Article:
As 2013 winds down, I thought I’d take a look back at some of my most popular posts in the past year. Interestingly enough, a few of them weren’t even posts I wrote this year, but they continue to be popular with all of you. Here they are – my top posts of 2013:
This was one of my most popular posts last year, too, likely because there just isn’t much written about this area. I also seemed to experience a surge in hits after I wrote a similar version of the post for the Huffington Post Travel Blog. I also got some new comments from readers in the Caucasus who had some good, but sometimes controversial, insight to add.
This has always been one of my most popular posts – ever since I first published it in the summer of 2011. I updated it this year to reflect recent changes to laws and procedures.
I wrote this last winter in response to an online uproar over an American woman who was found murdered in Istanbul. She was traveling solo and many online commenters questioned why a woman would be traveling along in such a “scary” country. I was one of dozens of female travel bloggers who spoke out in support of traveling solo.
It certainly didn’t hurt that Lonely Planet retweeted one of my shares of this post. Not necessarily about only Lonely Planet, this was my ode to guidebooks and why I will never travel without one.
I wrote this after I finally accepted a job and started working last January. I had been offered what I thought was my dream job in October 2012 but, for a variety of reasons, didn’t feel right taking it. I think this post resonated with a lot of people.
I wrote this in August 2011 after my experience trying to obtain private health insurance before my career break trip. I shared it often this year as people debated Obamacare – even though the Affordable Care Act is far from perfect, I hoped my experience would serve as one example of why our health insurance system needs fixing.
One of my most personal posts, which also got a great response from all of you, with some of the most comments of any post this year. In it, I looked back at some of the issues I struggled with prior to my trip and how those same issues remained (or were even exacerbated) after I returned.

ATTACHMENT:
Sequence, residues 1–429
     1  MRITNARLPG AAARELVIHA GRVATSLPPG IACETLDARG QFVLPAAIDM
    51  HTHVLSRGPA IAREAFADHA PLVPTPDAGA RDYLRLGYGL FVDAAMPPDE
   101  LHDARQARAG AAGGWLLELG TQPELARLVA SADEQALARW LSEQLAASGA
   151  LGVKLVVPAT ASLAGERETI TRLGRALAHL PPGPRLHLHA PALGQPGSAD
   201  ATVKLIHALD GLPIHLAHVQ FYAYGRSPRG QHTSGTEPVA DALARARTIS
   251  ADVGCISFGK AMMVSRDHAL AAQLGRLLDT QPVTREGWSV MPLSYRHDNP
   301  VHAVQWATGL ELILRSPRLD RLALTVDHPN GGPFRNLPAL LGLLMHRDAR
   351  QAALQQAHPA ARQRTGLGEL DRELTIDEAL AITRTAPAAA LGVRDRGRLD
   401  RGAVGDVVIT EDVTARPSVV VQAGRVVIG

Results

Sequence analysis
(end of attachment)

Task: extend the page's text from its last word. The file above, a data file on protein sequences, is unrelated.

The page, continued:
Even the folks at Capital One read this one – they even called me to chat about it afterwards (true story). In short, I explain why I switched from Capital One to Charles Schwab after returning home from overseas.
Um, yeah, I don’t really know why this one was so popular. I didn’t even realize that many people were reading it until I pulled this list. I guess a lot of people were looking for advice on traveling by bus in Turkey in 2013.
As close as I come to a controversial post, I looked at some stereotypes about Americans traveling abroad and how they did not hold true in my experience.
This post garnered a much larger response than I ever expected. And a much more positive one, as most people seemed to agree with my sentiments that TBEX had gotten too large and that it was too hard to connect with the people with whom I really wanted to connect. Of course, as I write this, I’m already wondering where TBEX ’13 will be held and if I can swing going…
Another practical post that I wrote during my career break trip that continues to get a lot of hits. And a lot of emails from people in Africa asking me to obtain visas to Belarus for them. Seriously.
Finally, another post that seemed to hit a nerve with people as I looked back on my how my life had changed in the two years since I first quit my job to travel.